The Battle for Post-Crisis Europe

Europe needs a ‘new narrative’ if it is going to move forward rather than falling back into crisis.  That narrative cannot be a collection of policy initiatives or institutional reforms.  New policies are important; so are new institutional arrangements.  But politics and institutions do not by themselves speak to a democratic electorate – and particularly not to an electorate that has focused its attention on legitimate grievances of its own.  Only politicians with a clear vision of the future can wield influence with voters in such a context.  If the politicians with the best ideas are too afraid to forge a vision, they should not be surprised when voters attach themselves to politicians who run off in the wrong direction.  Europeans deserve better political leadership; so does Europe.

But what would such a vision look like? George Papaconstantinou argues that Mario Draghi’s ‘whatever it takes’ moment is a good model for European leadership.  This is not an argument for pure boldness or audacity; it is also not a celebration of improvisation, although clearly some of that was involved.  Instead Papaconstantinou makes it clear that Draghi’s pledge only had the effect on the markets and on the popular imagination that it did because it was well-flanked by sound policies and solid institutional arrangements.  Draghi offered a vision alongside his commitment.  And that combination of planning and determination is what political leadership is all about.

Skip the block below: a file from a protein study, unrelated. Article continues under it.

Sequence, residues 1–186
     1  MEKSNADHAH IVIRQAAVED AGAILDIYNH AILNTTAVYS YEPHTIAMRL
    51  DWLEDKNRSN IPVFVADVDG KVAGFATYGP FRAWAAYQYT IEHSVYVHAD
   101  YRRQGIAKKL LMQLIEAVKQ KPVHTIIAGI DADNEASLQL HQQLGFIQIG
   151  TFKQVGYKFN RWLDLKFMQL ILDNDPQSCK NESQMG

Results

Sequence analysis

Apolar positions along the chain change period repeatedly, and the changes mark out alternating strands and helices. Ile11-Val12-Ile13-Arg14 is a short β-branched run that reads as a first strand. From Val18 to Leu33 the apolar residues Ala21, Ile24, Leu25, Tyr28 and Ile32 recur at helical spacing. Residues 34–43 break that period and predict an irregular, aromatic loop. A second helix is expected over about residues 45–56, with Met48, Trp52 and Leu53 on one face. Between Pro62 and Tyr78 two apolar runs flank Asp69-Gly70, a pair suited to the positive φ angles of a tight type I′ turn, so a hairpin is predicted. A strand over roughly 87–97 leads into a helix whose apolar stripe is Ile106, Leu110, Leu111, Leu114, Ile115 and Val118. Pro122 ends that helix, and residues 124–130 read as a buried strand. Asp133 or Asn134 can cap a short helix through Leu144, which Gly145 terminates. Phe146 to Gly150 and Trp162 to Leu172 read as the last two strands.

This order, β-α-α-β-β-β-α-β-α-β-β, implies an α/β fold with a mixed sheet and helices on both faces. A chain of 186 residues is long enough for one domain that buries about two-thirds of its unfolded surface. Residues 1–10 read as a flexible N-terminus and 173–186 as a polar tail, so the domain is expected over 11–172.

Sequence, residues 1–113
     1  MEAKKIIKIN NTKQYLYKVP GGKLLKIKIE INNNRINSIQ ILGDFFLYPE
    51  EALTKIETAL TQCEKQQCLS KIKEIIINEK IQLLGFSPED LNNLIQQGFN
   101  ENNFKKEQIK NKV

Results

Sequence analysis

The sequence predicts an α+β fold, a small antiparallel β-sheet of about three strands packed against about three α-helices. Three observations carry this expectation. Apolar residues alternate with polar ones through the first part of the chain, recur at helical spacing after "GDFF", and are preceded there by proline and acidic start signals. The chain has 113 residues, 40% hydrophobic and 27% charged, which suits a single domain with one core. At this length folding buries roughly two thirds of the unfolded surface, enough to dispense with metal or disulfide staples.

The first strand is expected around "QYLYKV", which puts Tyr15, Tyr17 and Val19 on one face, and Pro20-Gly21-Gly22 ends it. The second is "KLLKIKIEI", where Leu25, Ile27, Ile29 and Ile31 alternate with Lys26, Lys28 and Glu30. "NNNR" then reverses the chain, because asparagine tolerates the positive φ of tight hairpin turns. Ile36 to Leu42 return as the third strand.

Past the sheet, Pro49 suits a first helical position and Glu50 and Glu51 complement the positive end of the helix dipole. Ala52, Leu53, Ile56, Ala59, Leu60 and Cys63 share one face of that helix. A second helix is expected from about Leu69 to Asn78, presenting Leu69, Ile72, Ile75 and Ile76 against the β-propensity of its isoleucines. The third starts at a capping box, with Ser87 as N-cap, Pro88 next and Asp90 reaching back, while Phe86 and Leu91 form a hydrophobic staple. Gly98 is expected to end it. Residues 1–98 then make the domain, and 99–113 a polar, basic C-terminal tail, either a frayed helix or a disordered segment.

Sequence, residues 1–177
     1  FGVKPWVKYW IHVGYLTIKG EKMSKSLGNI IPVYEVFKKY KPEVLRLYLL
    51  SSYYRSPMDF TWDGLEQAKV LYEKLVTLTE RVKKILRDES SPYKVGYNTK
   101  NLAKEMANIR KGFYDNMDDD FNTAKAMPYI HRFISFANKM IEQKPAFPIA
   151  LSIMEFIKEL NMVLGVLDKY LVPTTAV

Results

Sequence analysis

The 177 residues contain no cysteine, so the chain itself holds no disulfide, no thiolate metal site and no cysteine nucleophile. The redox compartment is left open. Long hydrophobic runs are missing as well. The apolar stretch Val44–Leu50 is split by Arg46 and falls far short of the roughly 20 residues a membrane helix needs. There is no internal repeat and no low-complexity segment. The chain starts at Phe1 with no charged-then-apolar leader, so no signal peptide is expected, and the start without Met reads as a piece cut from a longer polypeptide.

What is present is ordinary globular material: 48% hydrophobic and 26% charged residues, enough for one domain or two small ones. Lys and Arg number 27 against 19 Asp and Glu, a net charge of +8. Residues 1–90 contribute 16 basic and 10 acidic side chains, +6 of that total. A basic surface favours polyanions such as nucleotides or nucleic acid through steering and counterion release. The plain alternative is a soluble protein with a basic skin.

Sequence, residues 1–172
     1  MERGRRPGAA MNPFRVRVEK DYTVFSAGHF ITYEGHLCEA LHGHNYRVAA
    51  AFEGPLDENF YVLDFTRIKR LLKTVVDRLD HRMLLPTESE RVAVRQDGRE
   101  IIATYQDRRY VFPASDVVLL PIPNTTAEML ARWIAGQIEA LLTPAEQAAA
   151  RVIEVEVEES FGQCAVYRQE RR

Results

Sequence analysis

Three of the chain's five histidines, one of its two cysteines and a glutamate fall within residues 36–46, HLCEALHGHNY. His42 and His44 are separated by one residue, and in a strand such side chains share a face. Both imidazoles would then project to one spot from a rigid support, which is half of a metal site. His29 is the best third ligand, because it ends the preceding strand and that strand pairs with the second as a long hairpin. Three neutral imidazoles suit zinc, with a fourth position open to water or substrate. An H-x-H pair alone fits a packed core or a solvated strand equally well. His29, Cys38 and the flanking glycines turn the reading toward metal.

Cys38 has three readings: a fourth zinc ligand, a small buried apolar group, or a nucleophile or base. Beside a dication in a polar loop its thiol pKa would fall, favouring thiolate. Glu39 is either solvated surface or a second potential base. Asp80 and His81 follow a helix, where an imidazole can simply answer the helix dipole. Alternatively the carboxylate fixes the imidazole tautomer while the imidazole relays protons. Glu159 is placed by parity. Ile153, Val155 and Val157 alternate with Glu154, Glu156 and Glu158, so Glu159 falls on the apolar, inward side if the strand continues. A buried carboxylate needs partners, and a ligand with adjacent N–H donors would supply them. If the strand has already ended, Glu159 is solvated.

Drawing on his own experience in politics during the crisis, Papaconstantinou shows how Draghi effectively pushed back against a mistaken diagnosis of Europe’s economic problems.  He also shows how Draghi’s actions fed into creative thinking inside a number of different parts of the Europe Union about how European institutions can be made more resilient.  Finally, Papaconstantinou underscores how the agenda for strengthening Europe remains controversial and incomplete.  There was no inevitability to the events as they unfolded; instead Draghi’s political leadership helped to shape the new environment – with positive results that could nevertheless come unbound.

The challenge now is to round out the vision that Draghi set in motion, building on contributions from both European institutions and the Member States.  Moreover, the need is great.  Although the worst of the economic crisis has passed, Europe confronts a host of other problems.  Papaconstantinou shows how Europe’s political leaders could make progress on dimensions ranging from migration to foreign policy to democratic engagement.

Success, Papaconstantinou argues, will take more than just determination; it will require a narrative that is compelling enough for Europeans to embrace.  Without such popular engagement, Europe’s politicians are unlikely to make lasting progress.  ‘Whatever it takes’ is not only a model for leadership, but also an essential warning that the success of muddling through should not be taken for granted.  Papaconstantinou’s book is required reading for anyone who wants their optimism for the European project to be well-grounded.

Whatever It Takes: The Battle for Post-Crisis Europe.  By George Papaconstantinou.  London: Agenda Publishing, 2019.

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